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Brand expansion- tortoise or hare?

May 13, 2007

Post the leaked Schultz Starbucks memo, Daniel Gross wrote a great piece for the  LA Times, about brand expansion.

He talks about the frenzied desire to expand brands faster than their DNA can tolerate and highlights some examples of brands that have expanded slowly.

“But the Schultz memo is interesting and useful nonetheless, because it shows that even an iconic company that serves a highly addictive product can water down the immense value of its brand by expanding too far and too fast and in too many directions at once. Sadly, this is a fate that befalls many American companies. Time and again in recent years, we’ve seen small, cutting-edge and quirky brands gain critical mass — only to lose their charm and customer appeal after they engage in breakneck expansion.

Why does this happen? Companies can’t help it, in part because the huge macroeconomic forces that dictate corporate behavior impel them to expand too fast and too wide. But at the same time, the powerful psychological forces that dictate consumer behavior can cause customers to recoil from the chains they once loved.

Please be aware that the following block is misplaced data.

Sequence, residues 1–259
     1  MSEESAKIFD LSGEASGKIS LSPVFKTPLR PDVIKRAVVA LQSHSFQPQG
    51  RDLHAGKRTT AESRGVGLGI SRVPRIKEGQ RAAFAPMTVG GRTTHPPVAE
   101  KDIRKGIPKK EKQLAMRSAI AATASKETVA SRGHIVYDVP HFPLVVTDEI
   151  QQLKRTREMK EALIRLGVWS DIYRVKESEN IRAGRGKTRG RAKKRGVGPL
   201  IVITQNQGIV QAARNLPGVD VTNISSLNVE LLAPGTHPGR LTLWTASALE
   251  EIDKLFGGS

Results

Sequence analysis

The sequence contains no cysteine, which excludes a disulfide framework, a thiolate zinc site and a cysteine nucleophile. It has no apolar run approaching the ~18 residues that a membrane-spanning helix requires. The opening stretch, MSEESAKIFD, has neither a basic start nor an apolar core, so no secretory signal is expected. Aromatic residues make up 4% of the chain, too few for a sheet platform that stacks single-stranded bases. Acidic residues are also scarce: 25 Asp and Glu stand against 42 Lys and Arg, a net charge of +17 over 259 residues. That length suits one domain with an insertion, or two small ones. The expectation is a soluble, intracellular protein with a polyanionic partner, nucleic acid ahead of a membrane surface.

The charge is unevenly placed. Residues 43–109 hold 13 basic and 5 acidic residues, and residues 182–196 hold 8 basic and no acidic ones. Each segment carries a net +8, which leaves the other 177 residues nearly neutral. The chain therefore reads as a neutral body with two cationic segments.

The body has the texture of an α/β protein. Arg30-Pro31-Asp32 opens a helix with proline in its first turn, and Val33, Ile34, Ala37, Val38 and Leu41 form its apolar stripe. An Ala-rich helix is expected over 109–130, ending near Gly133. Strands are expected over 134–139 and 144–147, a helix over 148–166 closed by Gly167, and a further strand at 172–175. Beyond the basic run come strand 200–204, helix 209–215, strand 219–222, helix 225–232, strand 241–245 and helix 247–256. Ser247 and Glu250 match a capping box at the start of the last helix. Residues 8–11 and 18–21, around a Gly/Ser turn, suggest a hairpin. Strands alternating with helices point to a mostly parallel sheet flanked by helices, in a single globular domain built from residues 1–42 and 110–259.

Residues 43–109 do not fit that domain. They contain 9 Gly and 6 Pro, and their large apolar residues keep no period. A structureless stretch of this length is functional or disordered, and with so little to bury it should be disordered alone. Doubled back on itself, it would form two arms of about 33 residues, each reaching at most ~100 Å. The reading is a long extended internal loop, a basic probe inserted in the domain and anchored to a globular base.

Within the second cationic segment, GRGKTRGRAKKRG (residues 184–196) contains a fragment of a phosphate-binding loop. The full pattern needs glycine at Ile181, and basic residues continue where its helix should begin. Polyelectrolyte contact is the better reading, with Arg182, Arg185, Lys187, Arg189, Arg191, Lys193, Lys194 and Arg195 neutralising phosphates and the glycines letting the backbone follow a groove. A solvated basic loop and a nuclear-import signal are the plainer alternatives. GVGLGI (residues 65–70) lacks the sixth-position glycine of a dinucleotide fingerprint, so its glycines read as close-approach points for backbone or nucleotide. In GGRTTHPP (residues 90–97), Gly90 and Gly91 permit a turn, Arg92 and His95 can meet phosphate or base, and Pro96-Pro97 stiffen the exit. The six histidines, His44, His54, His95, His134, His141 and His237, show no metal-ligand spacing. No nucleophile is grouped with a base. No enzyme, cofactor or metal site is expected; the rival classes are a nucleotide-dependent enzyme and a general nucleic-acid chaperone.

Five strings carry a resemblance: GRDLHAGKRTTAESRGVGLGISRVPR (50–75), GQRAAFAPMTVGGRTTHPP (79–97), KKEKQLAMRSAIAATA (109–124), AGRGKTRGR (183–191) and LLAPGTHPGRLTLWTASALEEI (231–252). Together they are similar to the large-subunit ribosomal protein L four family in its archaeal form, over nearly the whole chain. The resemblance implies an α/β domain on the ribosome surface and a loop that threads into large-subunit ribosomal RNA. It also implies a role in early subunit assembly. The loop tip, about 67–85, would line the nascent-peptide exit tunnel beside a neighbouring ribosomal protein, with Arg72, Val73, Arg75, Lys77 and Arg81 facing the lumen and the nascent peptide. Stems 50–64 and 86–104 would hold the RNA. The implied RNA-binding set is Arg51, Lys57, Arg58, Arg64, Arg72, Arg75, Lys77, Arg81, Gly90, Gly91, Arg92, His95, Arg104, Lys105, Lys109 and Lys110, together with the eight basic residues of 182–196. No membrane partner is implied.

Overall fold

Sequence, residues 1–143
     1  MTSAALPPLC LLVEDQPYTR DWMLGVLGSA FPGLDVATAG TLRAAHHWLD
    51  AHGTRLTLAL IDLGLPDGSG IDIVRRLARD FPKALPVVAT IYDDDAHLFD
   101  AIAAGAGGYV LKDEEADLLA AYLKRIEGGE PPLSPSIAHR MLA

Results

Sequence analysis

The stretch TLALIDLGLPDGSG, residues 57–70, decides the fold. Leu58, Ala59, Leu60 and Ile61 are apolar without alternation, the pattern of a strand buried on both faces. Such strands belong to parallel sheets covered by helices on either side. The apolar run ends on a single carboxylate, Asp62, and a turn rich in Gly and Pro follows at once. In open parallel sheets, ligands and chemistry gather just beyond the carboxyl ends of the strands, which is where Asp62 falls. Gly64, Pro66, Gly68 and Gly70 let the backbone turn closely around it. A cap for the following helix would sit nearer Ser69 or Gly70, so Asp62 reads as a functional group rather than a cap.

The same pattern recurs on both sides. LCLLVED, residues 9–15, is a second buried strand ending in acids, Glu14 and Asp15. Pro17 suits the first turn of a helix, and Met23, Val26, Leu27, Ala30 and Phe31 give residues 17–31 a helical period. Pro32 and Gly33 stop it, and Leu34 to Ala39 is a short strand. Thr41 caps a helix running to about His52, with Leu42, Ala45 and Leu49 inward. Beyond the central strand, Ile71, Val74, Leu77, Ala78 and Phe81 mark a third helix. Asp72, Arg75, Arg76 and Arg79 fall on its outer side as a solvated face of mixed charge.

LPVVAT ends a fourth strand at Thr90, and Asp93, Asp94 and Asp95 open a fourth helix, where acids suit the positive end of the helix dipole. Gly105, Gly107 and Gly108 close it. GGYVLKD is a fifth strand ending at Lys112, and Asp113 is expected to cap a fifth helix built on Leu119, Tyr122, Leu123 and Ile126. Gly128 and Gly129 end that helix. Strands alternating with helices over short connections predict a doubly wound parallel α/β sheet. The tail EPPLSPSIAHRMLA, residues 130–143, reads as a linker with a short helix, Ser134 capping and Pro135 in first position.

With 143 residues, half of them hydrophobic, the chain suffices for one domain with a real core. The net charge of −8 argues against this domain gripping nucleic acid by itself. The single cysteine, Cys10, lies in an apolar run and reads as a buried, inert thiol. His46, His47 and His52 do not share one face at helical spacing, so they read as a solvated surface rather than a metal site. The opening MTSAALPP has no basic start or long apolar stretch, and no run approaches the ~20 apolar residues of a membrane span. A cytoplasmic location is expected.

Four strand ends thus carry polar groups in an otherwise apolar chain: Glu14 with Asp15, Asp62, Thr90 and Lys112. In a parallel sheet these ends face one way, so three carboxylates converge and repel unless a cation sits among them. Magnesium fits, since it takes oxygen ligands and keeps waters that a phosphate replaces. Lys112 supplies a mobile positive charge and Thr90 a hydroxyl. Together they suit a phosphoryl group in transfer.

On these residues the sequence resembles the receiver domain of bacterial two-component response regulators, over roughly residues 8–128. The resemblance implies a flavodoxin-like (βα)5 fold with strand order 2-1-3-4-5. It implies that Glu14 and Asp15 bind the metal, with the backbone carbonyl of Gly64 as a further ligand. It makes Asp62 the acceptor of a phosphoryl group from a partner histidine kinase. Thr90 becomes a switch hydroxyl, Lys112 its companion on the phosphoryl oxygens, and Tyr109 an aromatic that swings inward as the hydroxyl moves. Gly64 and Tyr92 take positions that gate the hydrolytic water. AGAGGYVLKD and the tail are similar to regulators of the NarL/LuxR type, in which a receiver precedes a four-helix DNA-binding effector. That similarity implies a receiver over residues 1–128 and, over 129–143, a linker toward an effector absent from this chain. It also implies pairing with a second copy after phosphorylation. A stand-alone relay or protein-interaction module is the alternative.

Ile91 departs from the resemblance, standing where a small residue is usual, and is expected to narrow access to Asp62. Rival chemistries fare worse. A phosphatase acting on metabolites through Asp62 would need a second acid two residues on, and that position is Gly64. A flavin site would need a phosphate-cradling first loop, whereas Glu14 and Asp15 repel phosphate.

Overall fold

Many of America’s best-known chains came of age in a period in which it was easy for companies to go public at a comparatively young age. And publicly held companies, whether they make turbines or tiramisu, are programmed to maximize efficiency and increase sales every quarter — no matter what. Inevitably, this mentality leads to the cutting of corners.”

Gross goes on to talk about the problem rapid expansion caused California Pizza Kitchen, Restoration Hardware and Krispy Kreme and contrasts these strategies with those of slow movers, Trader Joe’s and In and Out Burger.

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